Neurocognitive Foundations of Adaptive Rationality

How are people able to navigate uncertainty in our complex and ever-changing world despite their limited cognitive resources? Possible answers to this question may lie in neurocognitive processes that are not easily observable in overt actions—for example, in the workings of human memory.

Limited Cognitive Resources

Much of our daily adaptive behavior hinges on information that is no longer present in the environment. For instance, when deciding between alternative routes to work, we may draw on current observations (e.g., it’s raining and the traffic is heavy) as well as on knowledge and preferences acquired through past experience. This may include information from previous commutes stored in long-term memory. Despite its apparently limitless capacity, however, long-term memory does not keep a complete or necessarily accurate record of the past. Recent information (e.g., a traffic report heard a few seconds ago) is often stored only briefly in working memory—and forgotten again soon after. The small capacity of working memory limits the amount of information decision makers can consider at a time.

How do the idiosyncrasies of human memory shape adaptive decision making and vice versa? How does the brain deal with the abundance of information from past and present in ways that enable good decisions despite limited cognitive resources?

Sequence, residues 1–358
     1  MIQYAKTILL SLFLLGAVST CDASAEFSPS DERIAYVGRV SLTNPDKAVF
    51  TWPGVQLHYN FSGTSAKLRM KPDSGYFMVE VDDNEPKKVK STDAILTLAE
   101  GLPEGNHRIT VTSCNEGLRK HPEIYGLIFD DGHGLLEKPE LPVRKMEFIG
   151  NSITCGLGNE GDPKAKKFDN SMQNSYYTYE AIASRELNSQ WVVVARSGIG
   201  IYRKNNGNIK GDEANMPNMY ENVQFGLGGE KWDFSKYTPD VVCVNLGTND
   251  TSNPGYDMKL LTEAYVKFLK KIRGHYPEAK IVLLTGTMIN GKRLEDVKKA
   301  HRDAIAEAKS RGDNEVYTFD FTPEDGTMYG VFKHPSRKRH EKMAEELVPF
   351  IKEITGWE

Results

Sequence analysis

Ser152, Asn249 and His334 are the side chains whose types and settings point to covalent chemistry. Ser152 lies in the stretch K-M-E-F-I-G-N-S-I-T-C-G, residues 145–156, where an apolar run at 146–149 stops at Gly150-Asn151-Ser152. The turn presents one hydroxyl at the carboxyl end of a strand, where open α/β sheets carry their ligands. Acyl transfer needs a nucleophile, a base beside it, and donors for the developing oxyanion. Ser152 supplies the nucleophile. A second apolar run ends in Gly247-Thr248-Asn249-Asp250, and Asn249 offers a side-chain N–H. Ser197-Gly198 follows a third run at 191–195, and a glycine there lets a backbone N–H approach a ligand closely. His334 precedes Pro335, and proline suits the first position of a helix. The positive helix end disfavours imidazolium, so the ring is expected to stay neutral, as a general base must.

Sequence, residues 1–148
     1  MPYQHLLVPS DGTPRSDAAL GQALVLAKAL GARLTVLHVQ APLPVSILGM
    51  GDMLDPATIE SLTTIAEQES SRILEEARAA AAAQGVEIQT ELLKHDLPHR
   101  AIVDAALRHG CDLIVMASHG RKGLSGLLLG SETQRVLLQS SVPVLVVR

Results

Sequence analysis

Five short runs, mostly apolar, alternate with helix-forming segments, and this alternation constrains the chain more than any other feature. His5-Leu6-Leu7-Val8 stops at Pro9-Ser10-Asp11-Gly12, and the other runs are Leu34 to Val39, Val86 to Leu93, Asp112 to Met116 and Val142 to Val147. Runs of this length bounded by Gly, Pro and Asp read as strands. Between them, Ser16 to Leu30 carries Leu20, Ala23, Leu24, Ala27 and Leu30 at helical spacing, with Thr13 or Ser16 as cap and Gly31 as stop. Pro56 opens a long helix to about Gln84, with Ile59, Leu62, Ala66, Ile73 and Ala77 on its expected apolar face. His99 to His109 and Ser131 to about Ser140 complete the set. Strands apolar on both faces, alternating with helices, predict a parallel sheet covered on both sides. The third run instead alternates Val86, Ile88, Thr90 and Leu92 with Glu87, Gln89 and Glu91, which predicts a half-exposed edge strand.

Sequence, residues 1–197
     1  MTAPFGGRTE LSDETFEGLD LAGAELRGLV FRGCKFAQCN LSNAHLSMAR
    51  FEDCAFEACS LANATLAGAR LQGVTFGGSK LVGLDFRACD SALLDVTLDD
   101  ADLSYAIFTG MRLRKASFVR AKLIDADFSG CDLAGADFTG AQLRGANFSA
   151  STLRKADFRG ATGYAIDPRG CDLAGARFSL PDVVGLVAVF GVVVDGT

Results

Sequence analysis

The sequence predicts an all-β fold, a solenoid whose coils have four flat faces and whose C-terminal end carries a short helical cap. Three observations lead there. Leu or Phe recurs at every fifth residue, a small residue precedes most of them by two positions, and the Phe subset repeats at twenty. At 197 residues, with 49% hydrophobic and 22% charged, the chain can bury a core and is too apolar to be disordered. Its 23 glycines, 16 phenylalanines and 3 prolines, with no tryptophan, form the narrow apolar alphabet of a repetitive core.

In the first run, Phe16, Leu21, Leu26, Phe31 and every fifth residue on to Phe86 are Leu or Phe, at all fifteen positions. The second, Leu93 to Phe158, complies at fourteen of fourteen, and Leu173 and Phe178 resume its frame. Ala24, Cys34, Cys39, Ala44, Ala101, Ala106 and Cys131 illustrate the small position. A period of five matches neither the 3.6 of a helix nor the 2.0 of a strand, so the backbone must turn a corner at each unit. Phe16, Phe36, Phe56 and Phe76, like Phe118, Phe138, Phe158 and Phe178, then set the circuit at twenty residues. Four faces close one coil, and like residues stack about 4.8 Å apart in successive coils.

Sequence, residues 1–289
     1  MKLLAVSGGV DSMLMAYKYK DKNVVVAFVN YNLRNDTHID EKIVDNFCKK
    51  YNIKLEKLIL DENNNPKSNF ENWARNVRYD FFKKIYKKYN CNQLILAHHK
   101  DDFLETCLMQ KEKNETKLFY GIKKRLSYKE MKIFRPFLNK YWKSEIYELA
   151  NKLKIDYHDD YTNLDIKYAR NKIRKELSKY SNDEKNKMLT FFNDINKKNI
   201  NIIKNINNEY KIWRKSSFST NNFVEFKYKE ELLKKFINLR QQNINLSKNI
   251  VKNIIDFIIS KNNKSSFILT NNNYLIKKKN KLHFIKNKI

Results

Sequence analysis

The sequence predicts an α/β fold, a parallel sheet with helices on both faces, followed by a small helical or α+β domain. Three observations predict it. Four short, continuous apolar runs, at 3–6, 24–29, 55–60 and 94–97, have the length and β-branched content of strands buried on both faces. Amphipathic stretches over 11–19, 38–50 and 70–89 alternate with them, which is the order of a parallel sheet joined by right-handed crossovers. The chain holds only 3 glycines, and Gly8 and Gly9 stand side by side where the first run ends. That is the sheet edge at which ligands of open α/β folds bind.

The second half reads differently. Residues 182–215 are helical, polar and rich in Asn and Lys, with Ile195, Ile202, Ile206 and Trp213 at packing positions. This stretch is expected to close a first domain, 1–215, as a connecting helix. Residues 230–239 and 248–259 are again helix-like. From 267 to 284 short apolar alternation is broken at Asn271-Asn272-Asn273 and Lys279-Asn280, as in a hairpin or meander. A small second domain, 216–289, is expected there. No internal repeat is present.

Methods

Our studies combine human neuroimaging techniques, such as electroencephalography (EEG) and functional magnetic resonance imaging (fMRI), with multivariate analysis methods and computational modeling. We study the neural underpinnings of adaptive cognition in a variety of tasks, including perceptual decisions, decisions based on how gratifying the options are, decisions under known risks, and decisions under uncertainty.

References 

  • Christophel, T. B., Klink, P. C., Spitzer, B., Roelfsema, P. R., & Haynes, J.-D. (2017). The Distributed nature of working memory. Trends in Cognitive Sciences, 21, 111–124. 
  • Spitzer, B., Blankenburg, F., & Summerfield, C. (2016). Rhythmic gain control during supramodal integration of approximate number. NeuroImage, 129, 470–479. 
  • Spitzer, B., Fleck, S., & Blankenburg, F. (2014). Parametric alpha- and beta-band signatures of supramodal numerosity information in human working memory. The Journal of Neuroscience, 34, 4293–4302. 
  • Spitzer, B., Waschke, L., & Summerfield, C. (2017). Selective overweighting of larger magnitudes during noisy numerical comparison. Nature Human Behaviour, 1, 0145. 
Go to Editor View